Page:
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777 Partners has struck a deal to buy English football club Everton for an undisclosed sum, ending the reign of British-Iranian businessman Farhad Moshiri after a series of setbacks on and off the pitch.
The Miami-based investment fund said on Friday it had entered into a conditional agreement to acquire Moshiri’s 94.1 percent stake in the loss-making club. The deal makes 777 the latest American investor to join the English Premier League.
No financial details were disclosed, but a statement from both parties said 777’s investment would strengthen Everton’s balance sheet and guarantee ‘full financing’ of Liverpool’s new Bramley-Moore Dock Stadium. The companies said they expected to complete the deal by the end of the year.
Moshiri has made around £750m of investment in Everton but is expected to recoup only a fraction of his outlay. Football Benchmark, a consultancy, this year estimated the indebted club’s enterprise value at around £470m.
Moshiri has been looking for an investor for months as Everton’s financial problems have become more urgent. The need to raise hundreds of millions of pounds for the new stadium, which will replace the club’s historic home ground at Goodison Park, has increased the urgency of the search. He reached a deal with 777 after exclusive talks about an equity stake with the American group MSP Sports Capital failed.
The deal still needs to be approved by the English Premier League, which tightened tests for potential owners and directors in March. It will also be investigated by the English Football Association and the UK Financial Conduct Authority.
777 already has investments in seven football clubs, ranging from minority stakes to full ownership. Its holdings include Hertha Berlin in Germany, Sevilla FC in Spain, Italy’s Genoa and Brazil’s Vasco da Gama.
In July, Josimar, an investigative news outlet, asked a series of questions about past legal issues faced by 777 and its co-founder Josh Wander. 777 said the reporting was “completely misleading”, and Wander told the FT this month that his 2003 cocaine trafficking arrest, which led to him being put on probation, was “a stupid university case”. Lenders, rating agencies or regulators had not been affected, he emphasizes.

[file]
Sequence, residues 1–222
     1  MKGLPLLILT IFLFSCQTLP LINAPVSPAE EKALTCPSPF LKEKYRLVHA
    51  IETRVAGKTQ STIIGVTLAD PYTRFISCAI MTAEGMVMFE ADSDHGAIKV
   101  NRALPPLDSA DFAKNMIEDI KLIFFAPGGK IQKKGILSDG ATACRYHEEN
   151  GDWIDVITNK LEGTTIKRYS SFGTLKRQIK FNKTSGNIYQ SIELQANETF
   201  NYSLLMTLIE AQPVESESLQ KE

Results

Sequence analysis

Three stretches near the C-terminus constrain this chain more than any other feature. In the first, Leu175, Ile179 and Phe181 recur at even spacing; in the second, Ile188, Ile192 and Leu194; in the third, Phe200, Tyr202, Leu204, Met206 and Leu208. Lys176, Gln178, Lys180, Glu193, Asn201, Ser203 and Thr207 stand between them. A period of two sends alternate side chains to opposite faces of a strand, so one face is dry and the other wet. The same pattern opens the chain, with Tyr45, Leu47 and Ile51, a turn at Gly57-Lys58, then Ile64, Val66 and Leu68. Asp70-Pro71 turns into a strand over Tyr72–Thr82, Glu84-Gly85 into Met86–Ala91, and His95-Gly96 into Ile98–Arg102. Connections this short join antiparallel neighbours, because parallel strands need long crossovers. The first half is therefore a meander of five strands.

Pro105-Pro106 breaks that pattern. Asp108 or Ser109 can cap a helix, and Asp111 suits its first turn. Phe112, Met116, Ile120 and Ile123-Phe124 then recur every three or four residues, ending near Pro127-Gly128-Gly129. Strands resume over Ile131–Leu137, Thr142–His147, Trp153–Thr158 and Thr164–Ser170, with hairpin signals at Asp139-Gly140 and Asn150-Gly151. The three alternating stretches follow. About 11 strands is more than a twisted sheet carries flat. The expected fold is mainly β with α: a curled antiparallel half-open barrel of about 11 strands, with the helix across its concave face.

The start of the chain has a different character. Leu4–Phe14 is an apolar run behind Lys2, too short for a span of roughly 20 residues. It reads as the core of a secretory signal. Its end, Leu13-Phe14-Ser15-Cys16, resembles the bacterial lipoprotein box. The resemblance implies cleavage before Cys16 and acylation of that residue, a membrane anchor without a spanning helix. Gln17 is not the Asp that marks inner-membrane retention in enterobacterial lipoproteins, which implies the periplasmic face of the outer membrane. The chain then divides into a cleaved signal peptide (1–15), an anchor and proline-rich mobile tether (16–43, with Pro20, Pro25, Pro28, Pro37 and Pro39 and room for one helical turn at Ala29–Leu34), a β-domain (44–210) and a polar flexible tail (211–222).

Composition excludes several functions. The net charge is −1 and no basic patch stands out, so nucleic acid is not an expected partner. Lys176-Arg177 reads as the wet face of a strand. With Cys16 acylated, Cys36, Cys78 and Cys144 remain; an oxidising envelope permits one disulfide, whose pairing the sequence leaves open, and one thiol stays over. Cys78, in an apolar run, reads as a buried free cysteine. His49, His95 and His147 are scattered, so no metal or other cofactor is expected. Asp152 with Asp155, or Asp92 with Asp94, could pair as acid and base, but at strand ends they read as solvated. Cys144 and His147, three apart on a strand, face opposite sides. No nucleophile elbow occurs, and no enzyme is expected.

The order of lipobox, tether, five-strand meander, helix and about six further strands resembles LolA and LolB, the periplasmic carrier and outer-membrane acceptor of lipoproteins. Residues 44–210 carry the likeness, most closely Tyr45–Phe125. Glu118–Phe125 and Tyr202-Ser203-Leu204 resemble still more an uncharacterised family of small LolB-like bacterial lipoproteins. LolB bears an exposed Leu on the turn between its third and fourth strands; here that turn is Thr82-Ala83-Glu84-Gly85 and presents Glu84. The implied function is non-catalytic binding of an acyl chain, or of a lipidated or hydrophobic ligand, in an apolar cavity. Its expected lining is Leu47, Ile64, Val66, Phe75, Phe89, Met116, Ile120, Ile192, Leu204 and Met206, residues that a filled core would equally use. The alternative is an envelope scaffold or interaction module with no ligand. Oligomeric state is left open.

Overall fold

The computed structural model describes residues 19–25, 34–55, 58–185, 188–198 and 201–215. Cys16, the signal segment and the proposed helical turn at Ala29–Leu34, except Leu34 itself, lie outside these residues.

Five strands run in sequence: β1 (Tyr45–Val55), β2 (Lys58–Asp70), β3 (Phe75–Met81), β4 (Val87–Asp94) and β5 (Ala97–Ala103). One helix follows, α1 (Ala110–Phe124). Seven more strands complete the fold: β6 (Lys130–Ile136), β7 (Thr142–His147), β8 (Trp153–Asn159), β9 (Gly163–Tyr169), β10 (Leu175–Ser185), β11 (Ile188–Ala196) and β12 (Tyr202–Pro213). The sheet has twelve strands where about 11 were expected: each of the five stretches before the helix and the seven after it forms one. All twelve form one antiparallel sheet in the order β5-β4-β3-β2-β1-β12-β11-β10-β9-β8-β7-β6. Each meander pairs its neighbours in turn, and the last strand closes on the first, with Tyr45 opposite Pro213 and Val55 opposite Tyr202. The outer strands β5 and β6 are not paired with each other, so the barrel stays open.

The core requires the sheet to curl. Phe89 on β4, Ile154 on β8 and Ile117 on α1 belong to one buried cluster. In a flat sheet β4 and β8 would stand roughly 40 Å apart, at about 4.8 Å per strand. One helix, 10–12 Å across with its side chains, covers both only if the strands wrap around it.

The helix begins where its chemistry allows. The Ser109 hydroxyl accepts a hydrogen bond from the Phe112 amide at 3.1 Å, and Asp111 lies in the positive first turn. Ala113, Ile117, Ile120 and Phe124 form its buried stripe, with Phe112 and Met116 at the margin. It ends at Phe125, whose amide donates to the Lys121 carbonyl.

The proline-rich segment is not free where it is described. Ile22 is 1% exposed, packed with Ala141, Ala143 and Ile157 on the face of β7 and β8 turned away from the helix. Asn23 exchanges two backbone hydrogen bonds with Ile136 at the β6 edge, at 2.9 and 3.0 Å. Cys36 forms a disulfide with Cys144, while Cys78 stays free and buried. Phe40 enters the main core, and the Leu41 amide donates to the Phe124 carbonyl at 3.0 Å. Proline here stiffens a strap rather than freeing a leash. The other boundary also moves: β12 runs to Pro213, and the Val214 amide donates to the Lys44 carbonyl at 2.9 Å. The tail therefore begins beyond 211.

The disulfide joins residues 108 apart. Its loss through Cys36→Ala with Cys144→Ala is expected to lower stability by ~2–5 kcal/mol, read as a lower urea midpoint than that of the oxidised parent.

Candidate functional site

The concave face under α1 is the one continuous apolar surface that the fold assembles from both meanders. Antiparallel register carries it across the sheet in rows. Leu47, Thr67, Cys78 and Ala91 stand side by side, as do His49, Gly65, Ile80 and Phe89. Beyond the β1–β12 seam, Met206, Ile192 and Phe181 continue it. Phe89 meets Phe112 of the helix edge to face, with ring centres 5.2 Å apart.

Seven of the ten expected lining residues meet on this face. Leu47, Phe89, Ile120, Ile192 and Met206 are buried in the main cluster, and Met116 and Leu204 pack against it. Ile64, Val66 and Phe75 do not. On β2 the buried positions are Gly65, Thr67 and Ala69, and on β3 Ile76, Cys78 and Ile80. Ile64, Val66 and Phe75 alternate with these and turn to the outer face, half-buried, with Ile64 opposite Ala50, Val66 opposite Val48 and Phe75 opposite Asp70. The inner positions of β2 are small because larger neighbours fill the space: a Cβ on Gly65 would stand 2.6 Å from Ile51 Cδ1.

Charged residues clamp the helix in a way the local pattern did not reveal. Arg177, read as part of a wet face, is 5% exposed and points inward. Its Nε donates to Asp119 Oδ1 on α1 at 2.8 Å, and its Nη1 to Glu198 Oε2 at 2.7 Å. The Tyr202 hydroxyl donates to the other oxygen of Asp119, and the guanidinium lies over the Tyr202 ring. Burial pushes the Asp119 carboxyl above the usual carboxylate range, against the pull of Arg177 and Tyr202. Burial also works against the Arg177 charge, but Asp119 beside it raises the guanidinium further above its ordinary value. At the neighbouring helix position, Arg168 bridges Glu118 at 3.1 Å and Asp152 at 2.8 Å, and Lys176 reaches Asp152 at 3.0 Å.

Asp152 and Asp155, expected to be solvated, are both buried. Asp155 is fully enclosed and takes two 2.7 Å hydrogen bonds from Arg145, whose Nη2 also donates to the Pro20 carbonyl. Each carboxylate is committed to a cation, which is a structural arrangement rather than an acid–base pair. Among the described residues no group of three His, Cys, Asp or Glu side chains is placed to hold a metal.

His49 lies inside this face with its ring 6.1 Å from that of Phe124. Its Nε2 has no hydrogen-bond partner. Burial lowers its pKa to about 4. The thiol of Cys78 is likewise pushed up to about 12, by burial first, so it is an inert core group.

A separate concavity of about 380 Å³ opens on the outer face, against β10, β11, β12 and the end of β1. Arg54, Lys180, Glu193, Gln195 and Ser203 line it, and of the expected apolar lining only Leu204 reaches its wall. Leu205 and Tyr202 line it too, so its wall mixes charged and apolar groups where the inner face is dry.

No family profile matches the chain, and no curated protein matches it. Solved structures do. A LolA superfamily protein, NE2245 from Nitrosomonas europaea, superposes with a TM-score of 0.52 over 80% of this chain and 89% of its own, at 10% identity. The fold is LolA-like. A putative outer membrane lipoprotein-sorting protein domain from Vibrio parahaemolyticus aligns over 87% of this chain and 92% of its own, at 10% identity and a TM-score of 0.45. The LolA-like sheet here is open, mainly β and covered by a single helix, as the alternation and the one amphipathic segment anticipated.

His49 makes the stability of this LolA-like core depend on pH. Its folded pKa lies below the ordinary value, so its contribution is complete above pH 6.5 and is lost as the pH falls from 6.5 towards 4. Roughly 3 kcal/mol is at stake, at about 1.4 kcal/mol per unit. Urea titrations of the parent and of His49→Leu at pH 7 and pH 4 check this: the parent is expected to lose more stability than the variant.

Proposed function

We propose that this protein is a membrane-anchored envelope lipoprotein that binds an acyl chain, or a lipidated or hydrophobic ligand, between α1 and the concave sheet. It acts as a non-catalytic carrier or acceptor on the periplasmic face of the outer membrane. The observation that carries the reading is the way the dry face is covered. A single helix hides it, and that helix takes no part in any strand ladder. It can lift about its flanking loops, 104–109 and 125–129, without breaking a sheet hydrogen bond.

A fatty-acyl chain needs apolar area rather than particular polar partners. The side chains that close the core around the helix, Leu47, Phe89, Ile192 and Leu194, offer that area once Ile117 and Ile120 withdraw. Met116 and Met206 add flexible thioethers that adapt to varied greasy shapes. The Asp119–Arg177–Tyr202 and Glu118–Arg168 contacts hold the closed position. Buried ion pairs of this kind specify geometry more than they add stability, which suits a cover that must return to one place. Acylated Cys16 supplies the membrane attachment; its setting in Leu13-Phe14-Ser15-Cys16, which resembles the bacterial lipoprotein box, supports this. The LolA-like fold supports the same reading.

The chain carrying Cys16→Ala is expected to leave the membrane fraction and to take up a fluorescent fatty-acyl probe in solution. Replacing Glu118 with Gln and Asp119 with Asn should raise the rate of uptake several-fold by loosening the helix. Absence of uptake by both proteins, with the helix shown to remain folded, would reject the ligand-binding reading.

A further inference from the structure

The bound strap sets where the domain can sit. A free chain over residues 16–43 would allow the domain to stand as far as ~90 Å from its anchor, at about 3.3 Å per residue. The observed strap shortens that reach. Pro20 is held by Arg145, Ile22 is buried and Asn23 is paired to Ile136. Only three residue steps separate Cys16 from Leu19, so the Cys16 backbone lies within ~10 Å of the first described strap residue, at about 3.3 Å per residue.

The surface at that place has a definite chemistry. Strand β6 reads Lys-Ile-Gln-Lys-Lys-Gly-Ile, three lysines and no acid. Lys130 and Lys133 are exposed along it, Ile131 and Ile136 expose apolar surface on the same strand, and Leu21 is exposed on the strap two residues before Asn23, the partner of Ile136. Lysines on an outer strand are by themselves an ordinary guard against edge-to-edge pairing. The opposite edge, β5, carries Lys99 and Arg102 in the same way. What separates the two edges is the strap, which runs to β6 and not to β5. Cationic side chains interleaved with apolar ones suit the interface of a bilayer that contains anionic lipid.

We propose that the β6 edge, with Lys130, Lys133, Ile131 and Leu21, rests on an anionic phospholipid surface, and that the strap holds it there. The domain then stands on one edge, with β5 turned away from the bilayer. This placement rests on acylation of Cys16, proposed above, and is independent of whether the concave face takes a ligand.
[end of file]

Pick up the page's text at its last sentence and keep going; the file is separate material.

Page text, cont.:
Wander told the FT this month that a “new wave of commercialisation” was coming in football, which would justify the wide range of investments the company had made in underperforming teams.
Moshiri’s tenure at one of football’s oldest clubs, meanwhile, has been fraught with problems. The club is struggling with the rapidly rising costs of the new stadium. On the pitch, the team has suffered relegation from the Premier League over the past two seasons, despite spending heavily on players under Moshiri’s ownership early on.
The threat of relegation was highlighted in the club’s latest annual accounts as a potential threat to the club’s viability.
Moshiri, a former accountant, first bought the club in 2016 and took a majority stake two years later.
In a statement, he complained that it was becoming increasingly difficult for individual businessmen who back English football clubs to compete with wealthy rival investors. These include Saudi Arabia’s sovereign wealth fund, which bought Newcastle United in 2021, and the US consortium that acquired Chelsea for £2.5 billion last year.
“The days of an owner/benefactor seem out of reach for most, and the biggest clubs now tend to be owned by well-resourced clubs. [private equity] companies, specialized sports investors or state-backed companies and funds,” Moshiri said.
Moshiri, a Monaco native, has been looking for new investors since last year after Everton cut ties with a string of companies linked to oligarch Alisher Usmanov, who is under sanctions following Russia’s invasion of Ukraine.
A trio of companies affiliated with Usmanov had sponsorship deals with the club and had a naming rights agreement for Everton’s new stadium. Moshiri and Usmanov were previously co-investors in Arsenal.
Everton currently sit 18th in the 20-team Premier League, having picked up one point from their opening four games. They are the subject of an investigation by the Premier League into alleged breaches of financial regulations.
The club posted a net loss of £44 million in the year ending June 2022, after posting a net loss of £120 million in 2020-21. In the previous two financial years, Everton posted net losses of almost £140m and £111m.
Additional reporting by Josh Noble